Active Comparator: Patient Controlled analgesia
Pain management using patient controlled narcotic analgesia.
Other: Patient controlled analgesia
Subjects will be treated with patient controlled narcotic analgesia for pain management.

Primary Outcome Measures :
  1. Numeric pain scale [ Time Frame: Patients will be followed post-operatively while in the hospital (Avg 1-3 days), and a 6 weeks, 3 months, 6 months, 1 year and 2 years. ]
    (a) While in the hospital, patients' pain is assessed by a nurse-driven protocol. Assessments are every four to six hours, within 60 minutes after receiving an intravenous pain medication and within 90 minutes of receiving an oral pain medication. This assessment includes rating subjective rating of ones pain on a verbal numeric rating scale (NRS) of 0-10. The maximum pain score for each post-operative day will be compared.

Secondary Outcome Measures :
  1. Patient satisfaction [ Time Frame: Post operatively (avg: 1-3 days) ]
    At each pain assessment (minimum every 4 hours), partients are asked if they are satisfied with their pain management. (yes/no)

Other Outcome Measures:
  1. Length of Stay [ Time Frame: Post operatively (avg: 1-3 days) ]
  2. Discharge destination [ Time Frame: Post operatively (avg:1-3 days) ]
    Determine whether patients are discharged to home or to another facility (e.g. rehab, etc)

  3. Adverse events [ Time Frame: Post operatively (avg: 1-3 days) ]
  4. Disease specific and General health outcome measures [ Time Frame: Pre operatively (within 1 month of date of surgery) and Post operatively (6 weeks, 3months, 6 months, 1 year and 2 years) ]
    Short form 36 and the Oswestry Disabilty Index

Information from the National Library of Medicine

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Ages Eligible for Study:   Child, Adult, Older Adult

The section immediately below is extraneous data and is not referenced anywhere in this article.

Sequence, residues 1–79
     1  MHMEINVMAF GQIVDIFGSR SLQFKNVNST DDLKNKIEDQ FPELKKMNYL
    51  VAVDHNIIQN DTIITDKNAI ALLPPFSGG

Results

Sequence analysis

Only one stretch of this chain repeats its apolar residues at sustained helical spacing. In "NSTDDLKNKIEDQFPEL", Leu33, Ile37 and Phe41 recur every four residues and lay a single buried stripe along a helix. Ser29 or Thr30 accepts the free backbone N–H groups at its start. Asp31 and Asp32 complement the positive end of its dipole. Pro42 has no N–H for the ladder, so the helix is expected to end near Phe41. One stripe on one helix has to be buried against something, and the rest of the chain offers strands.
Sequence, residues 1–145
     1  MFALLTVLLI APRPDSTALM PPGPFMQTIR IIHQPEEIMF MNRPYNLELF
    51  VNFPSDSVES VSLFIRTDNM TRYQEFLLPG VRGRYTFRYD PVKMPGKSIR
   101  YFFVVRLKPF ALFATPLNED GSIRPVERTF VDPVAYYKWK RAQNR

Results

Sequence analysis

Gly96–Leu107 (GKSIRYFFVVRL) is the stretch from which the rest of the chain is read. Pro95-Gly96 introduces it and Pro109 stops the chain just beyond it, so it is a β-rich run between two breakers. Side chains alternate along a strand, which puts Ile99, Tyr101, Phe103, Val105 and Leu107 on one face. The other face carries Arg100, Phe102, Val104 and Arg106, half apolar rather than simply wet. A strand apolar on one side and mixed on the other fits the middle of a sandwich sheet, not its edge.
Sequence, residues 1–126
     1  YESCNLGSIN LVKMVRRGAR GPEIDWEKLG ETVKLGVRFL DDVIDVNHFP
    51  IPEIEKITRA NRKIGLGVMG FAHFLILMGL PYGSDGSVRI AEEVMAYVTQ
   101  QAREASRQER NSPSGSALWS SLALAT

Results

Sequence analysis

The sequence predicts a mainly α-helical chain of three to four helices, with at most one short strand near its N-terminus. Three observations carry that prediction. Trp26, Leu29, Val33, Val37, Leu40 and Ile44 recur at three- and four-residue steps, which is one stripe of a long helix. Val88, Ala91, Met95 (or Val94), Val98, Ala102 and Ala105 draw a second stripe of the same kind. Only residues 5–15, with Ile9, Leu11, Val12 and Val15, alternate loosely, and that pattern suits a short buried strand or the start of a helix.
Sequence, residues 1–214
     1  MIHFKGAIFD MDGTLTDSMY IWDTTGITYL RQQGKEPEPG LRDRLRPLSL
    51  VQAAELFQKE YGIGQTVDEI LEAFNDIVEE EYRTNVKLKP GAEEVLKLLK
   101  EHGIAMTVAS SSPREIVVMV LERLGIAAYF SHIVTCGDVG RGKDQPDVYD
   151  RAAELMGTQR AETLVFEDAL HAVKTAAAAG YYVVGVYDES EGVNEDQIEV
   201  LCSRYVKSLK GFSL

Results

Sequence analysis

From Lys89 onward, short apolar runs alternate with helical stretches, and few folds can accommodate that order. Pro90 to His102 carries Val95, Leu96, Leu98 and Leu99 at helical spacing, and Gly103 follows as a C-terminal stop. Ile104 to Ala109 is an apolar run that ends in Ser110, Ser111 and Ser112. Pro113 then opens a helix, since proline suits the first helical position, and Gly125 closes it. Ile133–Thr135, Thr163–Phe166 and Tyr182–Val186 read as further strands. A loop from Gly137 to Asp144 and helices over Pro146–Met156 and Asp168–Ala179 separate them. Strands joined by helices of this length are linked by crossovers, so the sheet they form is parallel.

Sexes Eligible for Study:   All
Accepts Healthy Volunteers:   Yes

Inclusion Criteria:

  • Patients undergoing single level MIS-TLIF
  • Patients able to provide informed consent

Exclusion Criteria:

  • Allergies or other contraindications to medicines in the protocol
  • Current liver disease with documented liver function test abnormality
  • Current renal disese with documented glomerular filtration rate (GFR) < 60 mL/min/1.73m2
  • Baseline (pre-operative) opioid use greater than 30 mg of morphine equivalents/day
  • Active alcohol dependence
  • Active illicit drug dependence

Information from the National Library of Medicine

To learn more about this study, you or your doctor may contact the study research staff using the contact information provided by the sponsor.

Please refer to this study by its identifier (NCT number): NCT01861743

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United States, Illinois
Rush University Medical Center-Orthopedic Spine
Chicago, Illinois, United States, 60612
Sponsors and Collaborators
Rush University Medical Center
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Principal Investigator: Frank M Phillips, MD Rush University Medical Center

Publications of Results:
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Responsible Party: Frank M. Phillips, MD, MD, Rush University Medical Center Identifier: NCT01861743     History of Changes
Other Study ID Numbers: 13020402
First Posted: May 24, 2013    Key Record Dates
Last Update Posted: August 29, 2018
Last Verified: August 2018
Individual Participant Data (IPD) Sharing Statement:
Plan to Share IPD: Undecided
Keywords provided by Frank M. Phillips, MD, Rush University Medical Center:
Multi-modal Pain Management
Lumbar fusion
Additional relevant MeSH terms:
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Spinal Stenosis
Intervertebral Disc Degeneration
Spinal Diseases
Bone Diseases
Musculoskeletal Diseases